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Transcript of Roman Architecture
House One entered an atrium through a long, narrow corridor called the "fauces". Bibliography The atrium was the "public" or "business" center of the house. The atrium has an opening in it roof called the "impluvium", which collects rain water. Types Of Atriums Atrium tuscanicum Atrium corinthium TUSCAN CORINTHIAN TETRASTYLE DISPLUVIATE TESTUDINATE Atrium testudinatum Atrium tetrastylon Atrium displuviatum The roof is supported by beams across the room, without any columns. This is the most common atrium form, found at Pompeii and Herculaneum. It had numerous columns surrounding the impluvium opening. This often served as a second atrium of very large houses. This form was a four-columned atrium that was found in Pompeii. The roof is sloped outward from the impluvium toward the street, rather than vice versa as other atria were built. E.g. Julia Felix at Pompeii E.g. Casa delle Nozze d'Argento, the Casa dei Ceii, and the Casa della Grata Metallica, all at Pompeii. E.g. Casa del Menandro and Casa della Fontana Grande at Pompeii E.g. Casa dei Vetti and Casa di Sallustiio at Pompeii and Casa Sannitica at Herculaneum A central room roofed over without an opening. This form of atrium relied on windows for light. This was the oldest atrium form and used in smaller, simpler, and humbler houses. E.g. Casa del Chirurgio Dining Room A room where the master received visitors and clients Small rooms for personal uses of various kinds, such as sleeping. A formal garden in more elegant houses, which contained columns. Amphitheaters It is designed like two Roman theater buildings placed facing each other, creating a complete circle. It was a tradition to hold gladiator games in the amphitheater. The first permanent stone amphitheater was built by Statilius Taurus in 29 B.C., in the southern Campus Martius near the Capitoline Hill. It was destroyed by the fire of Nero in 64 A.D. The Colosseum is known as the Flavian amphitheater. The architecture of the amphitheater is known for its labyrinthine structure, with its complex system of vaulted ramps and stairways. Also, a maze of passageways and lifts ran below the arena and served decorative purposes. The amphitheater became the symbol of the "Eternal City" (Rome) during the Roman Empire. Basilicas The basilica served as an office and records archive. The basilica and the senate house were the two essential buildings for government, law, and administration in every Roman town.
The basilica was simply
a roofed rectangular hall with
an internal row of columns. Treasury Arches And Fountains Baths Circuses and Stadiums Architectura Romae Hadrian's Wall Flavian Amphitheater Leptis Magna a bustling port city now ruins in the outskirts of Tripoli, Lybia, show that the region was once one of the largest and busiest port cities in the Roman empire. Question II Question III Question IV The first basilica that was known in Rome was the Basilica Porcia, built by Cato in 184 B.C. Roman Law For example, arches were built in 196 B.C. to commemerate Livy's triumph around Capitoline Hill. Other arches, such as the Arch of Drusus on the Appian Way, is merely for decorative purposes Arches were erected for purposes of ceremony,memory and propaganda by official bodies. The city became a part of the Roman Empire (the province of Africa) in 46 BCE. Emperor Septimus Severus was born and raised in this city THESIS Arches were a major element in the decoration of the main streets and roads of the city. They became official landmarks in Imperial Rome. Another major element in the appearance of the city was the fountains. Fountains usually marked the ending or collection point of an aqueduct line, which dispersed the water supply throughout the neighborhood. Gigantic fountains were usually part of important monuments of official architecture. To most of the Romans, bathing was a public act. The use of Greek heating and water distribution systems, the Romans were able to create luxurious, hygienic baths. http://ngm.nationalgeographic.com/2012/09/roman-walls/curry-text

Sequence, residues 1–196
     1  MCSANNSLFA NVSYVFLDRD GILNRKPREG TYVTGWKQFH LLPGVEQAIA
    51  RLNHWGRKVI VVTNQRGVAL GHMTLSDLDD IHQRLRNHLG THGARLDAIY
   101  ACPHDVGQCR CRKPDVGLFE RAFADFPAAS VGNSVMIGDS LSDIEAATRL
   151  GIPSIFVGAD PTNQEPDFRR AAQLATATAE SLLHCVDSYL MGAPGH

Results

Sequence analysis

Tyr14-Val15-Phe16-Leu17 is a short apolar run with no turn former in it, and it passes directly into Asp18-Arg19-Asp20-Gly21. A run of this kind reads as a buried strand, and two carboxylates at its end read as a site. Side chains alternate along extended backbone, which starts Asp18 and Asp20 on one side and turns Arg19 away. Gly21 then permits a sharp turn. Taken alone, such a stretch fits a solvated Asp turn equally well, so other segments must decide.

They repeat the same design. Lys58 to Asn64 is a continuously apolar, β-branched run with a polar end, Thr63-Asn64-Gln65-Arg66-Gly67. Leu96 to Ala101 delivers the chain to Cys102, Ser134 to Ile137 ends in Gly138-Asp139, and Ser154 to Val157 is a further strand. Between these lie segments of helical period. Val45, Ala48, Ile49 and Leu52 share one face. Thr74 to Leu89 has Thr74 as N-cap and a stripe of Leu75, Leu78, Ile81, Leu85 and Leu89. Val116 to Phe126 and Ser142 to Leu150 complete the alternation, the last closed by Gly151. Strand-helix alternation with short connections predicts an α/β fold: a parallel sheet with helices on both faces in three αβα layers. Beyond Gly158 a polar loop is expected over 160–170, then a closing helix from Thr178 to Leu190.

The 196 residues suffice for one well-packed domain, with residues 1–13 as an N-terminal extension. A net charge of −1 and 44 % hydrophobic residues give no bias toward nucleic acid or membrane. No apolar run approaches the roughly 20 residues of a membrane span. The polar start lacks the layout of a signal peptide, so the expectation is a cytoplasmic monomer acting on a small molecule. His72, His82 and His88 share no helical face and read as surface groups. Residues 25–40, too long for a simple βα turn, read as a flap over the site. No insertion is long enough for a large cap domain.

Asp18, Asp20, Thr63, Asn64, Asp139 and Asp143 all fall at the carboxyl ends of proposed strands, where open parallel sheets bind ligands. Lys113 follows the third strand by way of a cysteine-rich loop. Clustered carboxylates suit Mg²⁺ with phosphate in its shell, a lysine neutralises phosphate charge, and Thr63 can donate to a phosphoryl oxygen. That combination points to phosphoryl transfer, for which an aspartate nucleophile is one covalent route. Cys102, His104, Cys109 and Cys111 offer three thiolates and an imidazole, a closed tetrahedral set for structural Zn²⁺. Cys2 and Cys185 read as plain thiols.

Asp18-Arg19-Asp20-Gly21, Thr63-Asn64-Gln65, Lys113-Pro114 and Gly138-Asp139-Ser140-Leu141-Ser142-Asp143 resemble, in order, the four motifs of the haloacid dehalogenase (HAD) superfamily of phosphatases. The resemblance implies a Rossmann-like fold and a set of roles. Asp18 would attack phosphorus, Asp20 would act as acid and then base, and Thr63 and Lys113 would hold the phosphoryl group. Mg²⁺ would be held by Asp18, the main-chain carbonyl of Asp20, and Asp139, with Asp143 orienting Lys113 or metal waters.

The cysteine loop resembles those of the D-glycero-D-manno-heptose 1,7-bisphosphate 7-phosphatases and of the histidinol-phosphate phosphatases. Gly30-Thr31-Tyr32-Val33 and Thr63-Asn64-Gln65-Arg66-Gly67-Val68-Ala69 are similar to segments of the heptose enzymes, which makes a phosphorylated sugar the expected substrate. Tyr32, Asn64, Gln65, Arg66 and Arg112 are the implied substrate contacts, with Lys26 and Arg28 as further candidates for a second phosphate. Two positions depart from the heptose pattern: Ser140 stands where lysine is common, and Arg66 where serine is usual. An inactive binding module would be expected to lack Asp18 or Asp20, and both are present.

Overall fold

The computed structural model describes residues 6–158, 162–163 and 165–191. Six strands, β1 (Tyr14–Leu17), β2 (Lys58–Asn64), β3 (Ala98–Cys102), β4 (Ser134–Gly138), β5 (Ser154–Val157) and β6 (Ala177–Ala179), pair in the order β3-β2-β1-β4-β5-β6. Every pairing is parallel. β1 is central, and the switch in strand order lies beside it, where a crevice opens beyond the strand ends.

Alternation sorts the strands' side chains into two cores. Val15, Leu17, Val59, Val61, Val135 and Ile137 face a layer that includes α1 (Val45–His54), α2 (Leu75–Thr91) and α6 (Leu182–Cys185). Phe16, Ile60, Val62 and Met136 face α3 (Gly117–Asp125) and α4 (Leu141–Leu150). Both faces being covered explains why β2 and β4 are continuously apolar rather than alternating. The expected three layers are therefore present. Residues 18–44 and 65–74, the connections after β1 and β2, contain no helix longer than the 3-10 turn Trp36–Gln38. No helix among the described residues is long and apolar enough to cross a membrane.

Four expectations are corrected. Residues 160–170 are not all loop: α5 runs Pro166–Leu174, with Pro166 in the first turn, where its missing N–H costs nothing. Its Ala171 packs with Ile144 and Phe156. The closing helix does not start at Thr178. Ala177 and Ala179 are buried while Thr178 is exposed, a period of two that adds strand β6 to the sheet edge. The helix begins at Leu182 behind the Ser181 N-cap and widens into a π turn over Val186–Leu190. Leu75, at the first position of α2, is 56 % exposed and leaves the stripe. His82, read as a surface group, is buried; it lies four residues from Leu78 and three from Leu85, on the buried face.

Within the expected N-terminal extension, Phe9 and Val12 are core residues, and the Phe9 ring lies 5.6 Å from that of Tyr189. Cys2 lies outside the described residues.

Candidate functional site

http://www.bbc.co.uk/history/ancient/romans/colosseum_01.shtml The city of Leptis Magna Built under the rule of Vespasian between the years 69 and 79 AD, the Flavian Amphitheater was a center of entertainment Hadrian's Wall established a final northern border for the massive Roman Empire Built by the Emperor Hardrian in